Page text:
Virginia cut the deficit to 12 with 4:12 to go, but that’s as close as the Cavaliers would get, and the Retriever lead ballooned to 20 with 1:18 to go as the UMBC bench went wild.
More than the idea of making history, Lyles, who finished with a game-high 28 points to go with six rebounds, four assists and four steals, recalled his first feelings after the final buzzer sounded being fatigue and happiness that his team would be advancing.
“We kind of knew the meaning behind that game if we would’ve won, but it wasn’t like that’s what we were thinking when we won,” he said. “It was just like, ‘We won the game. We’re going to the next round.’ That’s what type of feeling it was.”
The next few days were crazy, as the Retrievers’ win became the talk of the nation. As such, there were countless media appearances and not a lot of rest, especially for Lyles as the star of the show.
UMBC fell to Kansas State 50-43 in the second round two days later despite being within three with 2:14 to go after a Lyles layup, but he made media appearances throughout the tournament, and even now people regularly ask him about it.
“It’s obviously a great accomplishment for not only myself, but my team, our coaches, the whole university,” he said. “Just an incredible moment. I’m glad I got to share it with my guys, with my team. I can’t really put it into words. Just a very special moment.”
Given he was a senior in 2018, Lyles had an eye on what his future held, and his goal was to make it to the NBA. He hired an agent and participated in a number of predraft workouts with teams. He wasn’t selected in June, but participated in a minicamp with the Utah Jazz the last few days of the month, and was on their summer league team in Salt Lake City and Las Vegas in July.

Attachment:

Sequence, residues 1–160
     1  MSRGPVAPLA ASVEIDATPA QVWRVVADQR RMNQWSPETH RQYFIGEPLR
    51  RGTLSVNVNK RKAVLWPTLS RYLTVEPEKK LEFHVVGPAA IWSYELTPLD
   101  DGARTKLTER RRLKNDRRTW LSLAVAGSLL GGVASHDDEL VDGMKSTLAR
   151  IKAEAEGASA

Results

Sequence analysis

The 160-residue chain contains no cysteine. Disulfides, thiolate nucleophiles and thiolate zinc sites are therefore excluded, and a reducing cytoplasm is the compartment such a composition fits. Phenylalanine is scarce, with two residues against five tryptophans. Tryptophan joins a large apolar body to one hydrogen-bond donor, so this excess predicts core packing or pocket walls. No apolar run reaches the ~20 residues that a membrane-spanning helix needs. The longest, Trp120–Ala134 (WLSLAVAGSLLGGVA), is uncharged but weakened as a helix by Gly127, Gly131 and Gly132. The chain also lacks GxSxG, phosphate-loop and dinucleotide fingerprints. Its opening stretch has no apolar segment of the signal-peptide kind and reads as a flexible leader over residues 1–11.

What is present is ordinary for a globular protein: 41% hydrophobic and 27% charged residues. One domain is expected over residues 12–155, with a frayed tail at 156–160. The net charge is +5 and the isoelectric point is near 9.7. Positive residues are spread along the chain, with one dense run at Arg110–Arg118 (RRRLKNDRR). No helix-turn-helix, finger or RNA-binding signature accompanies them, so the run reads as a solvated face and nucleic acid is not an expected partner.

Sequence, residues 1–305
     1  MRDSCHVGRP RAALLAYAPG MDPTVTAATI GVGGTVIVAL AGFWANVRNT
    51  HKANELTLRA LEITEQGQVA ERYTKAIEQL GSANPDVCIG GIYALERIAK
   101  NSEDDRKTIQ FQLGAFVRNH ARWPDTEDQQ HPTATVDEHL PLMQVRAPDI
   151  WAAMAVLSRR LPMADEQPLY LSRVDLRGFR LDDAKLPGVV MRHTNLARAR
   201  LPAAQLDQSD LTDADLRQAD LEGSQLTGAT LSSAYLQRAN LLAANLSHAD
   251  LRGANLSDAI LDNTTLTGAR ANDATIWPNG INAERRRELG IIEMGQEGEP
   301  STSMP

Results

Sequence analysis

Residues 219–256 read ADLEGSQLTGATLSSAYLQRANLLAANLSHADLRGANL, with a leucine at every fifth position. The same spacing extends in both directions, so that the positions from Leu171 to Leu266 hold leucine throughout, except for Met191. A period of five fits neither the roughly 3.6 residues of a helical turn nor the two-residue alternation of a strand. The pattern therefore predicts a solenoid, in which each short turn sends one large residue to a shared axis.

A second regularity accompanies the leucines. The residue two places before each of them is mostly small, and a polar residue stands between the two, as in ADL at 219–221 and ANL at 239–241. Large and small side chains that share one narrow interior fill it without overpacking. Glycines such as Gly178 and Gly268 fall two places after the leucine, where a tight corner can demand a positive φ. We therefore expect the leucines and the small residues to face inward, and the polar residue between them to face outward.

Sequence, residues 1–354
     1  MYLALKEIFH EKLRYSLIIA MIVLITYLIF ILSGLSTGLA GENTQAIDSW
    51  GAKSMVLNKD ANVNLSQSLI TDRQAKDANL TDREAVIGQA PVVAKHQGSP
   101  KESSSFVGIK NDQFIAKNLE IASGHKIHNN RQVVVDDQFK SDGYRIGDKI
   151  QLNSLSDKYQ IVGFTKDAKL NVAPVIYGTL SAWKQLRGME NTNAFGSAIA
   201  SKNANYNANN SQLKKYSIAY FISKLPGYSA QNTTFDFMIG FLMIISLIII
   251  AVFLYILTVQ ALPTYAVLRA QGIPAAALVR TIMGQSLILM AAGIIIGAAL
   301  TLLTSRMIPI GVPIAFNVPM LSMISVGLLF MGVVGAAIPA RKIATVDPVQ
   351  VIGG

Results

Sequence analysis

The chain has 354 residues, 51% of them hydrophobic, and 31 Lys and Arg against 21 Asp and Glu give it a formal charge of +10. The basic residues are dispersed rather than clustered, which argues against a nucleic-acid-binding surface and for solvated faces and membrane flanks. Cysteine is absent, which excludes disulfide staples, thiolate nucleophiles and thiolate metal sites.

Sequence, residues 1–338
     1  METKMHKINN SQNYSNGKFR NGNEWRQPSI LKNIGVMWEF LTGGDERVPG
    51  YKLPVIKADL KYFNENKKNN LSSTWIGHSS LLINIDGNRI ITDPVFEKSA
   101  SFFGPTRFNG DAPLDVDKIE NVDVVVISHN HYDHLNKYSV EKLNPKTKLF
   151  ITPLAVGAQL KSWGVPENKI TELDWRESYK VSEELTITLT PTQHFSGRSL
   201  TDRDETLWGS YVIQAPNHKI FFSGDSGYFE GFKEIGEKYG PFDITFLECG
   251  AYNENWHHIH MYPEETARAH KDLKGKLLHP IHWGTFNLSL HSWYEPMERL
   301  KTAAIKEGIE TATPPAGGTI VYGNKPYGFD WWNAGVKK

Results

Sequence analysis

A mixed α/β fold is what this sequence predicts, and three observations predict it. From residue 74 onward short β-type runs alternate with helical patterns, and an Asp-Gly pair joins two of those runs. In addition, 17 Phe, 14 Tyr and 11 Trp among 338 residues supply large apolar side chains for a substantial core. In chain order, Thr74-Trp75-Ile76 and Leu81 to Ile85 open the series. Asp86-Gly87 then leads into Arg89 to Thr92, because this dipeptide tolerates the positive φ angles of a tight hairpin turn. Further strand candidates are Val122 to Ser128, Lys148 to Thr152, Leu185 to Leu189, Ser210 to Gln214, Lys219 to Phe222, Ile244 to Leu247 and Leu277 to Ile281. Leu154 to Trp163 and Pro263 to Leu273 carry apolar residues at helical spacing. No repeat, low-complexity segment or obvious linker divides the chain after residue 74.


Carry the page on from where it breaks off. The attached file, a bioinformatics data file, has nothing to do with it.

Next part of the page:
On July 12, he signed with the Jazz after some solid summer league performances, with the agreement being that he’d go to training camp and then most likely spend this season with the Stars.
With one game remaining in the G League regular season and Salt Lake City still in the fight for a playoff berth, Lyles has appeared in 45 of 49 contests (14 starts), and has averaged exactly 13 points to go along with 4.3 assists, 3.6 rebounds and 1.4 steals in 27.1 minutes per game.
On March 13, he dropped 41 points in a victory over the Rio Grande Valley Vipers, a performance that got the attention of a number of notable people on social media, including Jazz forward Jae Crowder, who has become a good friend of his over the last year.
“He’s fast and he gets in the paint,” said Stars head coach Martin Schiller. “That’s his biggest quality, and he’s got a knack for scoring the basketball. Then defensively, if he uses his quickness in the full court, he’s really good.”
Off the floor, Lyles is known by a number of his teammates as a jokester and one to keep the mood positive, even amidst challenge.
“He’s a very funny dude,” said Jazz two-way player Naz Mitrou-Long, who is Lyles’ roommate on the road. “Even if the day’s not going great, he’s always able to give some good laughs.”
As Salt Lake City’s season winds to a close (its playoff hopes were hanging by a thread entering Thursday’s G League games, with its regular-season finale set for Friday night at the Lifetime Activities Center), Lyles is looking forward to continuing to hone his craft this summer, with both he and Schiller saying the biggest improvement he can make is in his point guard skills.
“Definitely just want to keep getting better in the offseason,” Lyles said. “Keep getting better, keep building toward ultimately getting that NBA contract that I want."